Jan 24, 2017

Elon Musk gets chummy with Tillerson

Ringo H.W. Chiu / AP

Musk Tweeted out support for the Secretary of State nominee today. Rex Tillerson has received the necessary votes from the Senate Committee, but has yet to be confirmed by the full body.

He Tweeted in response to The Economist:

This may sound surprising coming from me, but I agree with The Economist. Rex Tillerson has the potential to be an excellent Sec of State. — Elon Musk

And in response to a Bloomberg Reporter:

Rex is an exceptionally competent executive, understands geopolitics and knows how to win for his team. His team is now the USA. — Elon Musk

The double take? Musk runs two clean energy companies. Tillerson has not had the cleanest record on renewables as the CEO of ExxonMobil.

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MLB's Rob Manfred is latest villain in Astros' cheating scandal

Illustration: Aïda Amer/Axios

MLB Commissioner Rob Manfred's decision to grant Astros players immunity in exchange for confessions about their sign-stealing scheme has undermined his reputation — and he only made himself look worse on Sunday.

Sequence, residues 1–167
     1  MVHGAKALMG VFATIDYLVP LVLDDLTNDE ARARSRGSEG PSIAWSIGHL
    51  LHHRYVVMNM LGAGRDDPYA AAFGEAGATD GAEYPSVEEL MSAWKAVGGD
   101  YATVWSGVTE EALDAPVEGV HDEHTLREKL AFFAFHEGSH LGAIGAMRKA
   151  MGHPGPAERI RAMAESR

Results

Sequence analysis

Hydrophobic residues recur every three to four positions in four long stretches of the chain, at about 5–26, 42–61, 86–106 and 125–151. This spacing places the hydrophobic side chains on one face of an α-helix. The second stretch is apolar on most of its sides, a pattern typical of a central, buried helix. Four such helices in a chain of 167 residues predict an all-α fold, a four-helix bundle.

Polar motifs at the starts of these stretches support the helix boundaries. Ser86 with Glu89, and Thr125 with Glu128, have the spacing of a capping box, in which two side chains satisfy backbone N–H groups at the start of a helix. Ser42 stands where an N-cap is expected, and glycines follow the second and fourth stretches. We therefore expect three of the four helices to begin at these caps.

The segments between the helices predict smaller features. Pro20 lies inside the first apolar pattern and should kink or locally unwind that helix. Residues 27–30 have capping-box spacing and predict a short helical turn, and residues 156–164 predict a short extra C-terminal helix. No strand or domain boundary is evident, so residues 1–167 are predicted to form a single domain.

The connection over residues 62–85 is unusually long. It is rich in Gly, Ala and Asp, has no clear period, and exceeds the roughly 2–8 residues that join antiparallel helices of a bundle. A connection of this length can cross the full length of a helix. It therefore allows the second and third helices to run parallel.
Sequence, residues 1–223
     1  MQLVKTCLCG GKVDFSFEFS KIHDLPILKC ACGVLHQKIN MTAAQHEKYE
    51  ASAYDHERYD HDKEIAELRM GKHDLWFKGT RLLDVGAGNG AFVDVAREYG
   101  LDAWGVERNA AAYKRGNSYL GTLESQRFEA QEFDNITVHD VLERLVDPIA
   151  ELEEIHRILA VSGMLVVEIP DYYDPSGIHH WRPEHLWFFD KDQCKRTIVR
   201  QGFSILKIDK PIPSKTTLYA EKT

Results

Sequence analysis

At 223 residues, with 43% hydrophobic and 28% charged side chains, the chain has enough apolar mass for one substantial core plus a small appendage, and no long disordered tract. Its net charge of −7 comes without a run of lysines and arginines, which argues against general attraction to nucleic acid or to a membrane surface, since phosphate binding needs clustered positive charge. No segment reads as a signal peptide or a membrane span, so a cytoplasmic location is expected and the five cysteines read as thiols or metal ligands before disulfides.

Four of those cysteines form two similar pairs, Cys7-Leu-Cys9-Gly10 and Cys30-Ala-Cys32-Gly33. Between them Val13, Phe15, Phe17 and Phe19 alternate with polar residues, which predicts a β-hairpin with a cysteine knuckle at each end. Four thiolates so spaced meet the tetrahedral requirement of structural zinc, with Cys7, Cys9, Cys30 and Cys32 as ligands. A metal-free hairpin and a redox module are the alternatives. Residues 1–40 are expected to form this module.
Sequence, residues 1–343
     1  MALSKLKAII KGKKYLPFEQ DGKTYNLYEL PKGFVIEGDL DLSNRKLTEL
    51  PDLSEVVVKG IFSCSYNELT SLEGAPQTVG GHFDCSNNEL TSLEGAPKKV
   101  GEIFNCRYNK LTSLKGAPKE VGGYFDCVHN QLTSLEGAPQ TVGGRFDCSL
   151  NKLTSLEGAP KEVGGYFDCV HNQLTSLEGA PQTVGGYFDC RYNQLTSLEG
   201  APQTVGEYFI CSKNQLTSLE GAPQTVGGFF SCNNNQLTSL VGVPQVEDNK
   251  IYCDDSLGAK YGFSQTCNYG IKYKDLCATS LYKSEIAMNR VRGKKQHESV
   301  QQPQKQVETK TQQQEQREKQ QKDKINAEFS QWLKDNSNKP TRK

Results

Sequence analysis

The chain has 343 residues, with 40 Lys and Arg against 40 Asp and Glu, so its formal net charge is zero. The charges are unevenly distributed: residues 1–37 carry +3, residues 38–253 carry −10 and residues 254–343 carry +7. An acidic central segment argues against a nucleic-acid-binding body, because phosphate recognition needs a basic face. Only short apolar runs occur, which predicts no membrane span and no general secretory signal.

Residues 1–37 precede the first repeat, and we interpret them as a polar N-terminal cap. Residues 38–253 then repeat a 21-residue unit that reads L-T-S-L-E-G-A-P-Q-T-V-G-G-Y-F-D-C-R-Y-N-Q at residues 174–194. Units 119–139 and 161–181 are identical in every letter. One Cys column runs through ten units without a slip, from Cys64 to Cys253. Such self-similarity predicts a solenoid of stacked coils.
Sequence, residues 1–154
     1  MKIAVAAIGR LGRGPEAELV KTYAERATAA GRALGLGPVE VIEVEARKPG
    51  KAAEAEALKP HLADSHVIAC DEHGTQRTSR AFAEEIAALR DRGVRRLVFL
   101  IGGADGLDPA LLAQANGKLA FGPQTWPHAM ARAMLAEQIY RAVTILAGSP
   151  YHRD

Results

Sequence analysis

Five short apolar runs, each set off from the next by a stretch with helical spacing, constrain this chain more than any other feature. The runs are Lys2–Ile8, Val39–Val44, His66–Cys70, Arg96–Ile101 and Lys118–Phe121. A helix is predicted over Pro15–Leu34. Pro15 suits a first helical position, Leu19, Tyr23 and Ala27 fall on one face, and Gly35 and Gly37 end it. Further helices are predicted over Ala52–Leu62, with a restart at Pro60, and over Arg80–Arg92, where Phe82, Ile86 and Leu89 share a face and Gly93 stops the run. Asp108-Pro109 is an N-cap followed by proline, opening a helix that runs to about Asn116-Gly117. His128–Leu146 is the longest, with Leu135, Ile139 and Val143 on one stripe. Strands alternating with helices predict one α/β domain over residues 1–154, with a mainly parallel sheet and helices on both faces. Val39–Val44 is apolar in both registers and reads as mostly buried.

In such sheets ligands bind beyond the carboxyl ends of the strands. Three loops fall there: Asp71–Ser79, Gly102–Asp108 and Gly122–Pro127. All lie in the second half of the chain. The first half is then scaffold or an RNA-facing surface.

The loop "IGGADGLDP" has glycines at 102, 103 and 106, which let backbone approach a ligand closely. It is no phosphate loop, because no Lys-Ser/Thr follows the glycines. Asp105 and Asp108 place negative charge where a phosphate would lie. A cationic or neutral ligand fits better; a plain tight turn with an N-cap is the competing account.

The interview: In a 45-minute conversation with ESPN, Manfred asserted that public shame was punishment enough for the Astros. He also called the World Series trophy "just a piece of metal" and said that taking a title away from Houston "seems like a futile act."

Go deeperArrow55 mins ago - Sports

Economists warn coronavirus risk far worse than realized

Photo: Anthony Wallace/AFP via Getty Images

Worries are growing that the economic impact from the novel coronavirus outbreak will be worse than expected and that markets are being too complacent in factoring it in as a risk.

What's happening: The number of confirmed cases has already far outpaced expectations and even those reports are being viewed through a lens of suspicion that the Chinese government is underreporting the figures.

National newspapers thrive while local outlets struggle to survive

Illustration: Sarah Grillo/Axios

While big national newspapers grow stronger, local newspaper chains that have for decades kept the vast majority of the country informed are combusting.

Why it matters: The inequity between giants like the New York Times and the Wall Street Journal and their local counterparts represents a growing problem in America as local communities no longer have the power to set the agenda for the news that most affects them.